Pixabay

People tend to produce more trash and recyclable waste during the holidays than any other time of the year – 25 percent more, on average.

But Rumpke Waste and Recycling wants you to know that not everything you want to get rid of belongs in your trash can or recycling bin.

Tana Weingartner / WVXU

Christmas is over and your once glorious evergreen seems to have lost its luster and is dropping pine needles on the floor.

It's time to cart your fir or spruce off for recycling.

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Employees and visitors to Trenton, Ohio's MillerCoors Brewery are hard pressed to find a trash can. The reason? The facility is 99.8 percent landfill-free, with the rest burned for energy in Indiana. Soon the plant hopes to be 99.9 percent landfill-free.

Adams-Clermont Solid Waste District

People continue to dump non-recyclable items at recycling sites in Adams and Clermont counties forcing the shutdown of the fourth location.

Provided / City of Cincinnati

Some charitable organizations are concerned Cincinnati's new curbside textile recycling program could reduce the donated items they receive.

Representatives of the Salvation Army, Goodwill, and St. Vincent de Paul offered testimony Monday to City Council's Neighborhoods Committee.

Tana Weingartner / WVXU

Students at UC's Blue Ash campus have an odd request: They want your old toothbrush.

Provided / City of Cincinnati

Cincinnati is launching curbside textile recycling Monday. The program includes textiles, clothing, and housewares.

Emily Wendler / WVXU

There have been six fires this year at Rumpke's recycling plant or on recycling trucks that have been traced to lithium ion batteries.

The Business Of Creatively Reusing Art Supplies

May 19, 2016
Provided

You’ll find feathers, paint, wood chips, natural materials, yarn and more at Indigo Hippo, a first-of-its-kind creative reuse center located in Over-the-Rhine. The items are donated, cleaned up and sold at affordable prices so that anyone – students, artists and community members alike – can utilize art supplies. This is also good for the environment, as these items stay out of the waste stream.

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Electronic waste, or E-waste (monitors, computers, cell phones and other electronic devices)– represents 2-percent of America's trash in landfills, but it equals 70-percent of overall toxic waste. And worldwide, 20 to 50 million metric tons of electronic devices are disposed of each year.

Bill Rinehart / WVXU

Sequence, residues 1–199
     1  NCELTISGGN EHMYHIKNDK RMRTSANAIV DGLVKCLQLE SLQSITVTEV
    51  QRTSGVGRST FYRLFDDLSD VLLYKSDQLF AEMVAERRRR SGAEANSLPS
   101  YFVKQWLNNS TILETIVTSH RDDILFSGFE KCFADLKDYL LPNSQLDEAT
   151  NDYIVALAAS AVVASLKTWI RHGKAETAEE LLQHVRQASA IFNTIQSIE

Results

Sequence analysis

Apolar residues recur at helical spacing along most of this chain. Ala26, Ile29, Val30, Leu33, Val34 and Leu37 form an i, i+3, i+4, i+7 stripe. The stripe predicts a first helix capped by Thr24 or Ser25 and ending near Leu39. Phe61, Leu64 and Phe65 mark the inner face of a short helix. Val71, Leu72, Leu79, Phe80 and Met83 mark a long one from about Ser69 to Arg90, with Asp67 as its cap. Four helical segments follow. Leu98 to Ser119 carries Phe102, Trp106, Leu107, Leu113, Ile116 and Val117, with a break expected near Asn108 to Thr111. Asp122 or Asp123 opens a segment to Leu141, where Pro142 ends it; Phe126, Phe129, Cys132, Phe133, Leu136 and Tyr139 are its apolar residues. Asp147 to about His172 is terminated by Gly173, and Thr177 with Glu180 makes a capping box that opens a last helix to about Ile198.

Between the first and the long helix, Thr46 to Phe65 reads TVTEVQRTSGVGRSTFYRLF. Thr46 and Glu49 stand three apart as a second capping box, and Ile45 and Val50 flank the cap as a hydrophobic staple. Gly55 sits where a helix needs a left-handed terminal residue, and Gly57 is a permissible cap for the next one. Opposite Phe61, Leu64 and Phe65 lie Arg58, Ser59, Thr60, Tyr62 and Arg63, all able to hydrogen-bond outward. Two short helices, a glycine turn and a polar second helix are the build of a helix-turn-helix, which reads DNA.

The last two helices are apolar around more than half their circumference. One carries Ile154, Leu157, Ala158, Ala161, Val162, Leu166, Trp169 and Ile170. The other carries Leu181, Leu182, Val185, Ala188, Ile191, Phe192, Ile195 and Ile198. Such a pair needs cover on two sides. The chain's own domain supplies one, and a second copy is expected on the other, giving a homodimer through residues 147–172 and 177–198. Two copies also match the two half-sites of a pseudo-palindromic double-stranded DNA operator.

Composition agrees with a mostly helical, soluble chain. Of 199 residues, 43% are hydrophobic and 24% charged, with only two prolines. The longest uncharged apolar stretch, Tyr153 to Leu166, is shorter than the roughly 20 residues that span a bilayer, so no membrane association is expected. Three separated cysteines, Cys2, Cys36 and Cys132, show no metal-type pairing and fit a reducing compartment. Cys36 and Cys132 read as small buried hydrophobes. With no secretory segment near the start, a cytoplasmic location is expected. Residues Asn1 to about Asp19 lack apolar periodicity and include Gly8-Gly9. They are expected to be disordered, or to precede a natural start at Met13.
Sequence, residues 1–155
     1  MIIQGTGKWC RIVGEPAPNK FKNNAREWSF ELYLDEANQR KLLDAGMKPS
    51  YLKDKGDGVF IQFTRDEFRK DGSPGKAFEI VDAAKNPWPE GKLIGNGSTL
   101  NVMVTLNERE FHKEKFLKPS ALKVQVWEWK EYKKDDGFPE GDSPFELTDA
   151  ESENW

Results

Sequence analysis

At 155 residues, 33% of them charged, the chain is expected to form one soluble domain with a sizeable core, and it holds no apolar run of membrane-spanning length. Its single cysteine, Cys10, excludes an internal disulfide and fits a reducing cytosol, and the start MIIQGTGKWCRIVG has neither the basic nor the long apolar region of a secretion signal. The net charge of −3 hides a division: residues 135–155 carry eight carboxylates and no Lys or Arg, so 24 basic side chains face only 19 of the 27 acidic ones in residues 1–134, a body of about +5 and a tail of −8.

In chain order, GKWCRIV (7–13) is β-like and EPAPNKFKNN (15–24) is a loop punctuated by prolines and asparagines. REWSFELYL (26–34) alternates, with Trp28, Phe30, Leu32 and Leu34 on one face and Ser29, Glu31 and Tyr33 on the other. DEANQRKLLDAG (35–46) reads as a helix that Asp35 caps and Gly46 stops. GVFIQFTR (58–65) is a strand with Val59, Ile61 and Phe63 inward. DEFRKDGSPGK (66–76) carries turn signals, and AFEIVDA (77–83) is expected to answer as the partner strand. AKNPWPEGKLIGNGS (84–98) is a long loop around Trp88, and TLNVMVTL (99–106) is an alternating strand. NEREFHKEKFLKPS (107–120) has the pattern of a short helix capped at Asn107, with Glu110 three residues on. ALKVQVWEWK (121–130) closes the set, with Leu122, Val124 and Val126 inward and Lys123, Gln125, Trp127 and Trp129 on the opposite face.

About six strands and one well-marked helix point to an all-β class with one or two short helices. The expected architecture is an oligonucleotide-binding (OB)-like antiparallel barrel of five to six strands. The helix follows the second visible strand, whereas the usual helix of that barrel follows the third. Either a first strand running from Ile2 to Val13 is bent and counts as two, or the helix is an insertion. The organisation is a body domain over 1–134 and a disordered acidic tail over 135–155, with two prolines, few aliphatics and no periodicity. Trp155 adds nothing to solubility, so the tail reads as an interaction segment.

Several communities and counties are ready to help find a home for Christmas trees that have outlived their usefulness.

Three recycling sites open Saturday. They'll accept trees and other holiday greenery.

Boone, Campbell, and Kenton County residents can get rid of hazardous household items this weekend at a free event.

    

According to the EPA, an estimated 600,000 tons of monitors, 67,000 tons of computer mice and keyboards and 20,000 tons of mobile devices are disposed of each year in the United States. Just a small percentage of that and other electronic waste, or e-waste, is recycled. But you can do your part to properly, and safely, recycle your old electronic products.

Tana Weingartner / WVXU

Remember that C-shaped arrow in Washington Park? Well, it's out of here.

Artist Philip Short loaded it up on a small trailer Wednesday afternoon and began the drive back to North Carolina.

But not without answering a few questions from WVXU listeners.

Tana Weingartner / WVXU

It sprung up in early April... a big, orange C-shaped arrow sitting in the  middle of Washington Park. People walk by and take pictures of it, or selfies with it. There's a lid on the end of the arrow, but no sign explaining its existence.

Bill Rinehart / WVXU

The debate over Christmas trees, real or artificial, will likely never stop.  Artificial trees can be used again and again, while live trees have a short life span.  However, the real things do serve a purpose after they are no longer good for decoration.

The Clermont County Park District says natural trees can be composted or mulched, and they are often used for shoreline stabilization projects, to reduce beach erosion, and under water as fish habitat.